Commercial studios often charge per hour but by having your own equipment at home you can record whenever you want without additional fees added to the cost of the album. Even if you just plan on playing around by yourself, learning how to operate your equipment correctly will help produce your beats and make better music.

Set Up Your Home Recording Studio With The Help Of This Guide

In this article, we will look at tips and things to consider to help you get started with setting up your first ever home recording studio.

Budget

Before going out and purchasing all the latest gadgets and gizmos for your home studio, it is important that you have a good idea of how much money you can afford to spend. In most cases, home studio recording setups will cost anywhere from a few hundred dollars to a few thousand dollars, depending on how many instruments and tracks you want to record at the same time.

Vocals

Will you be using your home studio primarily as a vocal booth? This is an important question, because if this is going to be the main purpose for which you are using your new recording setup then you should consider spending triple the amount of money on microphones and related equipment than if you were going to use it as a multi-purpose studio. The reason for this is that vocals require specific microphone types in order to perform correctly, whereas with other instruments such as guitars, keyboards, and drums it doesn’t really matter where the microphone is placed and how it is set up, as long as the sound quality is good.



Studio Monitors

The most important piece of equipment that you will need when setting up your home recording studio is a pair of studio monitors. If you don’t have studio speakers yet, this should be at the top of your list and you can learn more at Home Studio Expert on how to acquire and set up the latest speakers for your new home studio. Monitors are essential for mixing and mastering your music tracks in the correct way. They enable you to hear every aspect of the sounds coming from each individual track, which makes them extremely effective for spotting mistakes and problems with regards to frequencies and other aspects of your mixdowns.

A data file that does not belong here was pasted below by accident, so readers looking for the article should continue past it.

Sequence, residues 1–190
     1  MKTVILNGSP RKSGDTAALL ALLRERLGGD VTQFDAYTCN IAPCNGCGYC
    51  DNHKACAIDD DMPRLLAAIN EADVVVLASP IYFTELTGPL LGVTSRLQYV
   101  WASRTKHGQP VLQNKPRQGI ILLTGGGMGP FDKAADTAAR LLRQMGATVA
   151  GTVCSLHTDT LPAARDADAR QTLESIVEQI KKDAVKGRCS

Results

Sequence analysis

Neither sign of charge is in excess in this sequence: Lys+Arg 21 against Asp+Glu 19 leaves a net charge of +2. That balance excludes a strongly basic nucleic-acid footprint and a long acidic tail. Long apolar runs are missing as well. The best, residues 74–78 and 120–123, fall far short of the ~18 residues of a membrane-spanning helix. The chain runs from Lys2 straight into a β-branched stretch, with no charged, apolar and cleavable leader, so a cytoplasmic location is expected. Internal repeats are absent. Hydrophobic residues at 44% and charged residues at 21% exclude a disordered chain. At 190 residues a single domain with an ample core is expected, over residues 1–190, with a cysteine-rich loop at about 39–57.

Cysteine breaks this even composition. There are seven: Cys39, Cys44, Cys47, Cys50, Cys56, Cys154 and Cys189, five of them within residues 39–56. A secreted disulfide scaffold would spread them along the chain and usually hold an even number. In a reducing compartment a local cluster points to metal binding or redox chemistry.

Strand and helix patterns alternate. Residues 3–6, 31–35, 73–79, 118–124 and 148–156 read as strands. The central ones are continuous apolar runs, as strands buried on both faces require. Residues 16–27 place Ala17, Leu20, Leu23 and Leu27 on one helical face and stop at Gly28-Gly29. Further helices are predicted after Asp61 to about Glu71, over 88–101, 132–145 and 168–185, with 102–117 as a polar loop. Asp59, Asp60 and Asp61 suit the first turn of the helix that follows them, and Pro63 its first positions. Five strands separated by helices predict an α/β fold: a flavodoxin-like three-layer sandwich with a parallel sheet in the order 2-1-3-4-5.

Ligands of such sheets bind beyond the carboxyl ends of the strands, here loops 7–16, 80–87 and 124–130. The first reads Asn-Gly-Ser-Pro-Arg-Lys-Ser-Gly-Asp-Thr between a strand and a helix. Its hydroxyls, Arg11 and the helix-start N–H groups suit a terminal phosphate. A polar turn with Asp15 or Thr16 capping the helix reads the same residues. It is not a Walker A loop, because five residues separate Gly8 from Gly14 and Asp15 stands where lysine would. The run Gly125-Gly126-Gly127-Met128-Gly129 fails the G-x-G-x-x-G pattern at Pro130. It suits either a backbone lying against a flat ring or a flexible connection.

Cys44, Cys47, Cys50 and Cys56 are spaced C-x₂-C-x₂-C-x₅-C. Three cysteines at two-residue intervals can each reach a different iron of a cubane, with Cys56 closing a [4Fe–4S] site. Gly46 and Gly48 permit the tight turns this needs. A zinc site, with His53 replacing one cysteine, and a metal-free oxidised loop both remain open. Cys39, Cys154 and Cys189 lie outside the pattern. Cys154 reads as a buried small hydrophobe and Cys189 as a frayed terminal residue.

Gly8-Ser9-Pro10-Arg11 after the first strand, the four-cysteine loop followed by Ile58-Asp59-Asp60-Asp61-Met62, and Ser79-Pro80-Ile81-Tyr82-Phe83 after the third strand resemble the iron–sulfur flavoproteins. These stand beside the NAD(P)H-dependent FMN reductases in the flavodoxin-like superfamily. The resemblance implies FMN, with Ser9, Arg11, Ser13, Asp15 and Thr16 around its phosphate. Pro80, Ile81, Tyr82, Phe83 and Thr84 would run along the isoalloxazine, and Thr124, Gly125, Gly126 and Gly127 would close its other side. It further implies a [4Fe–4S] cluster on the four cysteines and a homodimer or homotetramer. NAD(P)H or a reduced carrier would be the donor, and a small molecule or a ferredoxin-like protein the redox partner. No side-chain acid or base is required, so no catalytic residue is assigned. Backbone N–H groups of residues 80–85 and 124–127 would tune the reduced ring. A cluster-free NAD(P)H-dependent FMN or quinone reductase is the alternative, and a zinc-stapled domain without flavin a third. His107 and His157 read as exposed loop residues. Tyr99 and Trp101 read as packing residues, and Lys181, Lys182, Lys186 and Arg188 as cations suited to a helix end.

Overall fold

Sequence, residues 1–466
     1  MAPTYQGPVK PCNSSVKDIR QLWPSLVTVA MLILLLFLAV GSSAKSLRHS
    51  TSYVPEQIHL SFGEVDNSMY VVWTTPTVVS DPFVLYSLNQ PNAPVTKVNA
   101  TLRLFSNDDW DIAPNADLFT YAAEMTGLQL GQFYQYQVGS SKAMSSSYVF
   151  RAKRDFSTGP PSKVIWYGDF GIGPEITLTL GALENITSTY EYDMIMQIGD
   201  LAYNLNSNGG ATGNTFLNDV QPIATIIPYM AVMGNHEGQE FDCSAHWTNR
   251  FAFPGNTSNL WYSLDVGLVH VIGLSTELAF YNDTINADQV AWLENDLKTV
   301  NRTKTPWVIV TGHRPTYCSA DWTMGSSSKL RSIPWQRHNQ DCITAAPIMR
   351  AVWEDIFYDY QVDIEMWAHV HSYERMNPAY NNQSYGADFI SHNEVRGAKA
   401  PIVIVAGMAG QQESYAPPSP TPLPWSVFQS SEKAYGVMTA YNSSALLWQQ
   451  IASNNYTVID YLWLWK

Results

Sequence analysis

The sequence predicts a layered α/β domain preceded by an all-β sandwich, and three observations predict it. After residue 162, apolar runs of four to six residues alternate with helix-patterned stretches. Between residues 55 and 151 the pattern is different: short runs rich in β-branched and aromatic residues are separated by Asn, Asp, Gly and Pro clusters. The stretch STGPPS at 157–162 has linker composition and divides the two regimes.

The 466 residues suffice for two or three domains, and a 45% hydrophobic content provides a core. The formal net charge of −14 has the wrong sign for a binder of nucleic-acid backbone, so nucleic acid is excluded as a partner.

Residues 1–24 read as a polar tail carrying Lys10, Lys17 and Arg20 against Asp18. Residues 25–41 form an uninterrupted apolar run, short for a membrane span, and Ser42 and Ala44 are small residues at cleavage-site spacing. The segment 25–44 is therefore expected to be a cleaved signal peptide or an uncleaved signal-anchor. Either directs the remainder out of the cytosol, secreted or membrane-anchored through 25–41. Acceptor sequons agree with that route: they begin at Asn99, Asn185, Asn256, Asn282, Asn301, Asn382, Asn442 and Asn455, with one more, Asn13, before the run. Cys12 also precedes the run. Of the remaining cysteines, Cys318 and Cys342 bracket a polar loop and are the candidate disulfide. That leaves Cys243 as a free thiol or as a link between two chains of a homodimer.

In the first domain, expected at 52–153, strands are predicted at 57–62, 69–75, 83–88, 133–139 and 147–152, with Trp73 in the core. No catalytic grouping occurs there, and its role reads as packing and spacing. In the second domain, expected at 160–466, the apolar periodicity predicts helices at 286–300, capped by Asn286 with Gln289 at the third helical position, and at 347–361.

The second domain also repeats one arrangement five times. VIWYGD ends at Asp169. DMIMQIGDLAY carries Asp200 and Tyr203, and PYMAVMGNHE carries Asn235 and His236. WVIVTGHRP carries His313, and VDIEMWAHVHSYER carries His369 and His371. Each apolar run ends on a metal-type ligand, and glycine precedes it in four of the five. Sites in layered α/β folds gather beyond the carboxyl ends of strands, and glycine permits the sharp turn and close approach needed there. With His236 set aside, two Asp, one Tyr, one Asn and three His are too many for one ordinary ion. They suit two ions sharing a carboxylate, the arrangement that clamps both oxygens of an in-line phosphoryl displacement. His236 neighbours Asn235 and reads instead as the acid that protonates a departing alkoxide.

Headphones

Another piece of equipment needed for any home recording studio is headphones. Not only will you need to ensure that you have enough pairs for yourself, your bandmates, and any other people who may be using the studio at any one time, but you should also spend some money on a good set of ‘studio reference‘ headphones. There are types designed specifically for recording purposes as they offer flat frequency response and accurate sound reproduction, which is perfect for use when mastering tracks through an audio mixing program such as Pro Tools or Logic.

Set Up Your Home Recording Studio With The Help Of This Guide - musician

Choosing Your Recording Software

Depending on whether you want to record music or vocals (or both), there are several types of software that can help you get started with your home recording studio. Popular choices include Cubase, FL Studio, and GarageBand, although it is possible to get free packages such as Audacity and Audition which you can download from the internet.

The Recording Area

You don’t need any special equipment in order to record music at your home, but if you want to get the best out of your set up it is important that you consider noise levels and acoustics. Ideally, your studio should be in a dedicated room which does not have any windows, because direct sunlight can affect the quality of sound recordings and cause unwanted sounds such as dogs barking and traffic noises from seeping through onto recording tracks. An option is to place your studio in one room and create a lively area in another part of the house. This way, you will be able to wire up the studio so that it is completely isolated from other rooms.

Room Treatment

Every home recording studio should be treated for acoustics because good insulation can help reduce unwanted noise and echo which can result in poor sound quality. You don’t need to spend lots of money on acoustic panels as these are not essential when first setting up your studio; instead, you should cover walls with thick quilted blankets or even duvets if necessary before placing acoustic foam or egg crate mats behind each speaker for optimum results.

Setting up any home recording studio is always going to be challenging, but you should never let that put you off. Recording your own music or vocals can be extremely rewarding and it’s also a great way of making new friends with other musicians, some of whom may go on to become successful recording artists in the future.